This article traces the extant literature on the impact of social capital on economic attitudes and outcomes. Special attention is paid to clarify conceptual ambiguities, measurement techniques, channels of influence, and identification strategies. Insights derived from the literature are then used to analyze the marketplace lending industry in China, where the size of the peer-to-peer (P2P) lending market is larger than that of the rest of the world combined. Ironically, approximately two-thirds of these online P2P lending platforms have failed. Empirical evidence from the monthly operating data of 735 lending platforms and transaction level data from one prominent platform (Renrendai) shows that platforms in provinces with high social capital have low risk of failure, and borrowers in provinces with high social capital can borrow at low interest rate and are less likely to default. We also provide observations to guide future economic research on social capital.
Are Bank Capital Requirements Optimally Set? Evidence from Researchers’ Views
Gene Ambrocio, Iftekhar Hasan, Esa Jokivuolle, Kim Ristolainen
Journal of Financial Stability,
We survey 149 leading academic researchers on bank capital regulation. The median (average) respondent prefers a 10% (15%) minimum non-risk-weighted equity-to-assets ratio, which is considerably higher than the current requirement. North Americans prefer a significantly higher equity-to-assets ratio than Europeans. We find substantial support for the new forms of regulation introduced in Basel III, such as liquidity requirements. Views are most dispersed regarding the use of hybrid assets and bail-inable debt in capital regulation. 70% of experts would support an additional market-based capital requirement. When investigating factors driving capital requirement preferences, we find that the typical expert believes a five percentage points increase in capital requirements would “probably decrease” both the likelihood and social cost of a crisis with “minimal to no change” to loan volumes and economic activity. The best predictor of capital requirement preference is how strongly an expert believes that higher capital requirements would increase the cost of bank lending.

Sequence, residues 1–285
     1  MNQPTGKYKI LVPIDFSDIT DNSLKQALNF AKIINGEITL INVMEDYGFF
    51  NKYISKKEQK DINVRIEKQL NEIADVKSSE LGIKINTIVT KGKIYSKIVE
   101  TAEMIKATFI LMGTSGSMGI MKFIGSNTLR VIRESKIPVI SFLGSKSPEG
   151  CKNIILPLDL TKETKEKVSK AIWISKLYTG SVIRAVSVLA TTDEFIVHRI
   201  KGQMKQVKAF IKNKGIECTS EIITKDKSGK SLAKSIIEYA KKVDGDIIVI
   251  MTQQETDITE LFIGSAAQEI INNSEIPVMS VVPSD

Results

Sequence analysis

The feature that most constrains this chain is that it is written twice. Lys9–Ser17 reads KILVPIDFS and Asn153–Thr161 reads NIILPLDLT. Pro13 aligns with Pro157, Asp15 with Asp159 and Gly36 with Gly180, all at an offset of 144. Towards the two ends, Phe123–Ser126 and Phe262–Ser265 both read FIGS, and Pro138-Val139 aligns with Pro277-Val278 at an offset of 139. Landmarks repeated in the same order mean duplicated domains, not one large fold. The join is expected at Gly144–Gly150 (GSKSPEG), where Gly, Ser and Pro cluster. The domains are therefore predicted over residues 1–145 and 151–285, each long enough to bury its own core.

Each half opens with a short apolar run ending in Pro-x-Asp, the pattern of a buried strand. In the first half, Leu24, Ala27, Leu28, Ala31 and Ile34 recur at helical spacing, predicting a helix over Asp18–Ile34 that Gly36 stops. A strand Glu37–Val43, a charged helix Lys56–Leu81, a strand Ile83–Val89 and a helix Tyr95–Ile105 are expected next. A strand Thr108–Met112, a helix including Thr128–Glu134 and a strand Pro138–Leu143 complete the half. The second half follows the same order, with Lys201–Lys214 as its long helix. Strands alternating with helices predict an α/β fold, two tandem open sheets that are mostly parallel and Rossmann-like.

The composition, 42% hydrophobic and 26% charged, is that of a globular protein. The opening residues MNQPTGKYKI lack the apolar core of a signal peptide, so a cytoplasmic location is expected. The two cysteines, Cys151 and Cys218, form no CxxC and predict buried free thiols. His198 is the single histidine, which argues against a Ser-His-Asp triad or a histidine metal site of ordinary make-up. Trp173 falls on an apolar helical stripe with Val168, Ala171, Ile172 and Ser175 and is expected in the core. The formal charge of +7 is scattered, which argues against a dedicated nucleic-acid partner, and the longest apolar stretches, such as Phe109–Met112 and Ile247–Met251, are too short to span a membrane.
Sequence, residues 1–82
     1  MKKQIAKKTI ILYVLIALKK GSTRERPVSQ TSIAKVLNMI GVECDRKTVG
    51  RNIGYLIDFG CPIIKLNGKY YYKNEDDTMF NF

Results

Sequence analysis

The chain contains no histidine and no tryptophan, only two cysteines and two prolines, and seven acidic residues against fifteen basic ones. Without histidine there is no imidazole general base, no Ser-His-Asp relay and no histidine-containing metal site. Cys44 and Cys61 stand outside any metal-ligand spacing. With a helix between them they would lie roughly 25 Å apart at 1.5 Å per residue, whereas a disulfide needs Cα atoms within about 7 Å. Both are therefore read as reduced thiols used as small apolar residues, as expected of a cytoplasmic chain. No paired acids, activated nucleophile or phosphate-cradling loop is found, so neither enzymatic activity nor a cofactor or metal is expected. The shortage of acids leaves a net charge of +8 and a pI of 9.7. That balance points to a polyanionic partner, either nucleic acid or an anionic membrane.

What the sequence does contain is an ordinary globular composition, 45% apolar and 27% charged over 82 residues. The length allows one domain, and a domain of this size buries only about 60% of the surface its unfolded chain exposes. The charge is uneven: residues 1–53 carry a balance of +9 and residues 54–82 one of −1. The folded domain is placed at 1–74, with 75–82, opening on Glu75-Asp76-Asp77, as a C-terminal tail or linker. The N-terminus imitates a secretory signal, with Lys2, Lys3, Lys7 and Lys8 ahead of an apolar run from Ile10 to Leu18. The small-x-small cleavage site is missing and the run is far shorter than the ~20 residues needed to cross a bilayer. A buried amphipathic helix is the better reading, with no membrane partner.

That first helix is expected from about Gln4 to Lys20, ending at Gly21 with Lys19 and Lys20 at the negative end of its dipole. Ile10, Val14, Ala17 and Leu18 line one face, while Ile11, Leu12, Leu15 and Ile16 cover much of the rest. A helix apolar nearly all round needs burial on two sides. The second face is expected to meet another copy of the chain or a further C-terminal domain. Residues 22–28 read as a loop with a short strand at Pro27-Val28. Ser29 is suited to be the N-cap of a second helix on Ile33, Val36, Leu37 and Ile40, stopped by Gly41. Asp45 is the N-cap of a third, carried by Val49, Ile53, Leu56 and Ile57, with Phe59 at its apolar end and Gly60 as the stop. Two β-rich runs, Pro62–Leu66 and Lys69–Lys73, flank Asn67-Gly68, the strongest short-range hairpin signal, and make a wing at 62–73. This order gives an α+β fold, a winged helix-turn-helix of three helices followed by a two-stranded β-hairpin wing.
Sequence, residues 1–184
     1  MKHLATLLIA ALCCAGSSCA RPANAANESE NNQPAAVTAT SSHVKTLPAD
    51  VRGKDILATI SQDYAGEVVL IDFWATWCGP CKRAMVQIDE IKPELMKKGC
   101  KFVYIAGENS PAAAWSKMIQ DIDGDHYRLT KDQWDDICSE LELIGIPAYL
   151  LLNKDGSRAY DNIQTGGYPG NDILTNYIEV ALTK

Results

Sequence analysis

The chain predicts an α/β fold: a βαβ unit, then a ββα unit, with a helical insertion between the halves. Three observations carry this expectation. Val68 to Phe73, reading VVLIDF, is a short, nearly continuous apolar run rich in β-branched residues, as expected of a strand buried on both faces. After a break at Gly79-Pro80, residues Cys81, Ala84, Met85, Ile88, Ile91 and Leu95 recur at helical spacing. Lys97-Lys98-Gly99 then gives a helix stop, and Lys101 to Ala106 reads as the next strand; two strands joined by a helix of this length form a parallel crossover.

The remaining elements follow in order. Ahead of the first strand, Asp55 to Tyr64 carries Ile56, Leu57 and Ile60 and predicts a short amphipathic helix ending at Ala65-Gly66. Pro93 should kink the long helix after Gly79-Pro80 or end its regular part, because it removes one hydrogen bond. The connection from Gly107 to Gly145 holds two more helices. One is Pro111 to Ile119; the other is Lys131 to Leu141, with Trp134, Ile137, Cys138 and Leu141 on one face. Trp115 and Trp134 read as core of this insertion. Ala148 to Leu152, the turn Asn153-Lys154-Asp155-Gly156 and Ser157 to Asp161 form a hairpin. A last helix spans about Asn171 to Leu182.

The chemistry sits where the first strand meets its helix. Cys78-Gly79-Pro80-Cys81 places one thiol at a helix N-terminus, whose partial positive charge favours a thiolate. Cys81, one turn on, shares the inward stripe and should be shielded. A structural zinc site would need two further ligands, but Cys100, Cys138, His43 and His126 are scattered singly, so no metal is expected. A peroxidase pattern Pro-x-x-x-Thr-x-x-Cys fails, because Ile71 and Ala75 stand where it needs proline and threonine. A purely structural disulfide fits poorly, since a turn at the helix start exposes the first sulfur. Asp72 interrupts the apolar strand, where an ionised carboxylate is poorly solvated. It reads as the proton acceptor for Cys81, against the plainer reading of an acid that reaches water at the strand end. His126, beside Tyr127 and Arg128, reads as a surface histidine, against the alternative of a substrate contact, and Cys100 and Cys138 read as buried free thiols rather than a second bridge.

14.10.2020 • 22/2020
Economic slump in East Germany not as severe as in Germany as a whole ‒ Implications of the Joint Economic Forecast and new data for East Germany
The German economy started recovering quickly after the drastic pandemic-related slump in spring 2020. The recovery, however, loses much of its momentum in the second half of the year. The Joint Economic Forecast predicts that production levels seen before the crisis will not be reached again until the second half of 2021. In principle, the East German economy is following this pattern, although the economic slump is likely to be somewhat milder.